In summary, I believe the focus should be on how to learn and how to apply knowledge in a real world manner, not just preparing for an assessment. Life doesn’t look like a test and, as we all know, there is MUCH more to life after school. Teach your students how to learn and help them develop real life skills!

I am expecting some comments back about this topic, as I believe it is highly controversial. There is so much more to say but with a tight word limit I won’t go any further. However, I encourage you to engage with me on this topic and let me know your thoughts.

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Craig Kemp

Craig Kemp

I am a passionate Global EdTech Consultant based in Singapore but working with Schools and EdTech companies all over the world. I am a lifelong learner, dream creator and thought leader. I love to inspire others and find inspiration. Co-founder of #whatisschool, #asiaED edchats and #pubPD.

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  • This is a hot topic for me as I am studying a unit on assessment for my masters degree. I am a senior mathematics teacher who spends a worrying amount of time marking tests and not planning effective lessons. I feel the students are becoming less engaged and it is hard to motivate them and at times myself. I believe we should be teaching them to be life long learners through an appreciation of mathematics as well as see the cross-curriculum links in learning. Our students are grade motivated and that is not effective. I would love to be able to find a better balance of teaching and assessment. This post really struck a chord with me. Thanks for all the great resources and ideas in your blogs.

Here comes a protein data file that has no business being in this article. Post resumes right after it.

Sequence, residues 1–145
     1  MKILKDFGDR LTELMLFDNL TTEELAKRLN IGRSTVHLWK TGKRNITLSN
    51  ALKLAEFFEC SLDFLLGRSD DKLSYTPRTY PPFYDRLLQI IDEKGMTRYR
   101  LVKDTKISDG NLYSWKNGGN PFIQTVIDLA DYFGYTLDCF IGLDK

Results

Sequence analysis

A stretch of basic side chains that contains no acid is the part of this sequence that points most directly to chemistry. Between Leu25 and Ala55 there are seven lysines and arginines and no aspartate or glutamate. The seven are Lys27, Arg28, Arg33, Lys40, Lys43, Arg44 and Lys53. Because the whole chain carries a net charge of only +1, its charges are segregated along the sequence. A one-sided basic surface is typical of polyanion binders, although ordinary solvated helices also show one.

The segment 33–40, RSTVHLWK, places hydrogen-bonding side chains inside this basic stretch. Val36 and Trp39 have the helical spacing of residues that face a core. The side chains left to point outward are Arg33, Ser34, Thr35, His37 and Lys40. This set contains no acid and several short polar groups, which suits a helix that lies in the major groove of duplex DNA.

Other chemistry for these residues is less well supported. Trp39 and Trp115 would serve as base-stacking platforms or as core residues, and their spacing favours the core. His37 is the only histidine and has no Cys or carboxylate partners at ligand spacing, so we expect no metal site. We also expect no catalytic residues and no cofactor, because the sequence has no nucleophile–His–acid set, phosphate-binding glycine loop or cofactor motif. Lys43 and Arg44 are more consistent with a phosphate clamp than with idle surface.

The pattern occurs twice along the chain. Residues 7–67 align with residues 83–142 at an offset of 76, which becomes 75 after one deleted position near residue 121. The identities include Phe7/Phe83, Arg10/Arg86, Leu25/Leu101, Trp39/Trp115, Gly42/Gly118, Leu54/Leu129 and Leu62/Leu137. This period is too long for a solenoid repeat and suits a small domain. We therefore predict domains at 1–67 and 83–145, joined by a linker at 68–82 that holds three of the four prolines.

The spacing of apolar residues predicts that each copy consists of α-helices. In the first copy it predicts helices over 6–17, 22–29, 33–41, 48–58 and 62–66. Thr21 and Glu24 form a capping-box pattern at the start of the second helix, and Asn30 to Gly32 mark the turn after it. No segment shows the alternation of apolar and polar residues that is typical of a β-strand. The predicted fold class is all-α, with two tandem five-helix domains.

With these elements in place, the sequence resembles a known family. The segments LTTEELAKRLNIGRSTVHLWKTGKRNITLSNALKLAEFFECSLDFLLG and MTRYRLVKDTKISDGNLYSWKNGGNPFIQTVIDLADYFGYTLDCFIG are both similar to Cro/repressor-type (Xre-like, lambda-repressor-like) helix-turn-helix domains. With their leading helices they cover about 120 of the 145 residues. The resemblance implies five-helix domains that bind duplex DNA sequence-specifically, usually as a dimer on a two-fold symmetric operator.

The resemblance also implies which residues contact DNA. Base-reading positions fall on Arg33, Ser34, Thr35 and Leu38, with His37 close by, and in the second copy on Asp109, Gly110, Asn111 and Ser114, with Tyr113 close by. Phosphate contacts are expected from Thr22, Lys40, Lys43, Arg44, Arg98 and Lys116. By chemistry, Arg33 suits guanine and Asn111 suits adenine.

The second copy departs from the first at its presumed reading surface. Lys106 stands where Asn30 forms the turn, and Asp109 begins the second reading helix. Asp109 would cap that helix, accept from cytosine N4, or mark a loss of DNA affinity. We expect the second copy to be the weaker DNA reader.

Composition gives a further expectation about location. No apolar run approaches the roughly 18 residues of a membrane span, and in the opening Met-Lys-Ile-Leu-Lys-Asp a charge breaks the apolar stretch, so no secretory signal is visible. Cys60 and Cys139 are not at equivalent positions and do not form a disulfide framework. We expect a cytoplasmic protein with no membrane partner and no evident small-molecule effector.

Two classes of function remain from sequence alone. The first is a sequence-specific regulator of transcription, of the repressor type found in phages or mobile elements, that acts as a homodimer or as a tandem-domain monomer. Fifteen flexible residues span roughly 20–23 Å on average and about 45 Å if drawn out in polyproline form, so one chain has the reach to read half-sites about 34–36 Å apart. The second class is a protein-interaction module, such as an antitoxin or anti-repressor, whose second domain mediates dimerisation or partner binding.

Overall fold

• Thank you Taresa – that means a lot – stay connected – would love to hear more of your thoughts!

  • I completely agree with you. We need to focus on developing skills in context rather than developing procedural knowledge for a test environment. In my experience, I have used questions and problems within lessons that are worded in similar ways to what students will encounter in their high stakes tests so that they are familiar with the language that is used in these circumstances. It is my belief though that if our students truly understand what it is they are ‘supposed to know’ according to the curriculum, then these tests won’t really be a problem.

  • I totally agree with these sentiments. A few years ago I ran a program for underemployed low-income young adults that focused on reading, math, oral and written communications, computer and employability skills. We tested frequently for diagnostic and feedback reasons, and we had high stakes tests at the end to not only confer graduate status but also to determine how well we did as instructors. Students who graduated enjoyed the learning experience and thus performed well on these tests. More than 80% of graduates found career-track jobs or entered college without needing remediation within six weeks.